The types of concrete, aggregate, sintering agents, and pore forming additives used can be varied widely within the practice of the present invention. The concrete should be of the high temperature refractory type which can be cast to form a candle filter or other filter configuration and usable at high temperatures. For example, calcium aluminate cement, phosphoric acid, and phosphates would be suitable binders. The pore forming additives are chosen from those which will sublimate, melt, or otherwise disintegrate at temperatures below those used when subjecting the concrete to refractory conditions. For example, naphthalene sublimates at 80.2° C. and inexpensive polymer fibers such as polyethylene, polypropylene or the like typically melt between 170° C. and 360° C. The pore formers could be selected from suitable organic or synthetic powder or fiber materials. Melting polymers may also help in sintering the filter. As described above, candle filters are hollow cylinders with closed bottom ends. Hence, a mold is required to shape the concrete before curing, drying and heating.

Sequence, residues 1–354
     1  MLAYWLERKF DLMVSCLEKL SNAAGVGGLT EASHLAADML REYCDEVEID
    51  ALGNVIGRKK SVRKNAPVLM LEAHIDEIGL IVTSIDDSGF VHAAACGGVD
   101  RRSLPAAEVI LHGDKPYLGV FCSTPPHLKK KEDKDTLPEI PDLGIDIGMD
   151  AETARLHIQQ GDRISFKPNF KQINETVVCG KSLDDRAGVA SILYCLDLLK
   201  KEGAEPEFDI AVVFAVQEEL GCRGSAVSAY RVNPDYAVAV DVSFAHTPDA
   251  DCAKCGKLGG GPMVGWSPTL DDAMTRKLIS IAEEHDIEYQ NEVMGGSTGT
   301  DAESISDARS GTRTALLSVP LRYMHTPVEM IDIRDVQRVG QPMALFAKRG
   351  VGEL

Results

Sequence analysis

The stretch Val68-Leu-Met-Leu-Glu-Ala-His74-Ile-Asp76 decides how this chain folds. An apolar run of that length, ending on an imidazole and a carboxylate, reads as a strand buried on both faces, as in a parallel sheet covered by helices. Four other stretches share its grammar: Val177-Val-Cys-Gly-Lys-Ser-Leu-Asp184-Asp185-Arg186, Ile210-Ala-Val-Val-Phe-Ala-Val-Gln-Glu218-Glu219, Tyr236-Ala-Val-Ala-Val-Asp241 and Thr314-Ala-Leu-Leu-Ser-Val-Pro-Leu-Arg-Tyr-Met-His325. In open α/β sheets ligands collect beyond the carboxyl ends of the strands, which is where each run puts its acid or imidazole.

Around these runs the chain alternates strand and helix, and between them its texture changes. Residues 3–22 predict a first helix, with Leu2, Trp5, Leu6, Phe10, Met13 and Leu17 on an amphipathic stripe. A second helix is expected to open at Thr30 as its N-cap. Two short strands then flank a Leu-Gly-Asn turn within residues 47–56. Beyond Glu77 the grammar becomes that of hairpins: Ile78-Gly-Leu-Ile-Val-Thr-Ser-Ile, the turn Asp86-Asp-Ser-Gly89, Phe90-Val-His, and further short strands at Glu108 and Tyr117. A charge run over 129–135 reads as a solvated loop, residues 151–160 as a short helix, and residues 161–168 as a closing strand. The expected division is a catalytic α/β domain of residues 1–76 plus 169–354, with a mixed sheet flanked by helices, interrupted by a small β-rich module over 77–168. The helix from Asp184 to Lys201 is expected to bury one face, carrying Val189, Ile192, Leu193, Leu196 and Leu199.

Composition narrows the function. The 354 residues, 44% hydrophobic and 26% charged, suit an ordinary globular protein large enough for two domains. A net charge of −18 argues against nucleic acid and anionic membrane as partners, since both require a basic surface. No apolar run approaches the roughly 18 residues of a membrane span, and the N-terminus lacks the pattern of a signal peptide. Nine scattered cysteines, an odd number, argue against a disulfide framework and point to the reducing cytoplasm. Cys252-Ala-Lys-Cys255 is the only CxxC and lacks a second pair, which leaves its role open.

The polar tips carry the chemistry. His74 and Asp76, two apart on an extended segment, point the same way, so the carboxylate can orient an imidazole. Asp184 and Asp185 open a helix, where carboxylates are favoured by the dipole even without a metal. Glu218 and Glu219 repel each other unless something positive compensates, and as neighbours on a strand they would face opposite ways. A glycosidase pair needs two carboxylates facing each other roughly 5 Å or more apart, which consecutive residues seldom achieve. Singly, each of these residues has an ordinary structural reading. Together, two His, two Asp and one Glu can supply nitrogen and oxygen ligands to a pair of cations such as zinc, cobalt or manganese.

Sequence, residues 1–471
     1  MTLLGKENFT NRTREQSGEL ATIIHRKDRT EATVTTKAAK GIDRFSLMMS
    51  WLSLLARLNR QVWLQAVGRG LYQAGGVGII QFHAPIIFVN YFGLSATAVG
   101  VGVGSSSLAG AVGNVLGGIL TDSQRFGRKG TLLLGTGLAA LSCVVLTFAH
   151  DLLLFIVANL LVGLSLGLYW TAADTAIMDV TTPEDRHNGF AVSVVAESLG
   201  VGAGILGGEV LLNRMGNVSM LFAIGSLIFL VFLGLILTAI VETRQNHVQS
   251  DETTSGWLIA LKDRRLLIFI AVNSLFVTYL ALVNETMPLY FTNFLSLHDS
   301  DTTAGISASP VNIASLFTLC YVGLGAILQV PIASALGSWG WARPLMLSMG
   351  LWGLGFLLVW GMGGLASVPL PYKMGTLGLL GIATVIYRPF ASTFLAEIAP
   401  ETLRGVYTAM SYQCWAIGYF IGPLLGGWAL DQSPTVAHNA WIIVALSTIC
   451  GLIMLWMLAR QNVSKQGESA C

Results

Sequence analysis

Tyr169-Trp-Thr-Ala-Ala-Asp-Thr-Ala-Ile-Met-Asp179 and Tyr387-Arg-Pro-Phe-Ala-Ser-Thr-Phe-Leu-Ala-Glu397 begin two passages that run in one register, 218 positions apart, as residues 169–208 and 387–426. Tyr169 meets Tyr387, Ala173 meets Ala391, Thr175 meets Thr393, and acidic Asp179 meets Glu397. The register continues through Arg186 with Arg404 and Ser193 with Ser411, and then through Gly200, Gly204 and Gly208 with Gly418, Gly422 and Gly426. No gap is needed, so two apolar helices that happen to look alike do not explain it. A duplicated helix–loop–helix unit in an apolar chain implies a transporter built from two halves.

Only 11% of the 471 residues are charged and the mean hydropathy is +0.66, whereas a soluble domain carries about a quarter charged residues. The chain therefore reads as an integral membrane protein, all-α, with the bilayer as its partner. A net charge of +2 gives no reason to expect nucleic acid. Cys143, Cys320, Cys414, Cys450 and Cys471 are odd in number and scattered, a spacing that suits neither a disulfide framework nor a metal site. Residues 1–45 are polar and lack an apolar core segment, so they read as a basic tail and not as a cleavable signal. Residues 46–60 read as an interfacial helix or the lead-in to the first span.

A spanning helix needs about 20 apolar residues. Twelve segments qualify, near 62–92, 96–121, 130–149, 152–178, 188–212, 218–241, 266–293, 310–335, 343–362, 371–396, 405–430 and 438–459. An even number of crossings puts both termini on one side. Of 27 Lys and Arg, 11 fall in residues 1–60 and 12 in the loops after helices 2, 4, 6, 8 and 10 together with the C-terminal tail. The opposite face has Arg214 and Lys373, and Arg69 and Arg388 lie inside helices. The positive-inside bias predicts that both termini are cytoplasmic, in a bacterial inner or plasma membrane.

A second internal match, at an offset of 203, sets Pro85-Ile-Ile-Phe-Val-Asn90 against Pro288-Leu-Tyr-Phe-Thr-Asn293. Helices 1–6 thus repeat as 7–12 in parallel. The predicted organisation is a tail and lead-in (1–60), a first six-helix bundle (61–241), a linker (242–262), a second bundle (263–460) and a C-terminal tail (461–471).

Two candle filters have been prepared from different material compositions containing refractory concrete and pore forming additives. A fist composition contained naphthalene and polymer fibers (dacron polyester fibers) as the pore forming additives. The naphthalene is ground to a fine powder of approximately 420μm in diameter, and the polymer fibers are cut into 0.25 to 3 inch pieces. The naphthalene and polymer fibers are combined with calcined kaolin (aggregate), pyrex glass (sintering agent), calcium aluminate (cement), and alumina fibers. The alumina fibers are added to provide the candle filter with extra strength. The first composition had its constituents present in the following weight percentages: 21.0-23.0% cement, 63.0-66.0% aggregate, 8.84-10.0% naphthalene, 2.56-2.82% sintering agent, 0.12-0.67% alumina fibers, and 0.08-0.20% polymer fibers. A second composition contained polymer fibers (dacron polyester fibers) exclusively as the pore forming additive. The polymer fibers were cut into 0.25, 0.5, and 1.0 inch pieces. The second composition had its constituents present in the following weight percentages: 24.0-26.0% cement, 70.0-73.0% aggregate, 2.74-3.51% sintering agent, and 0.20-0.60% polymer fibers. In both compositions, the aggregate had a maximum particle size diameter of 600μm.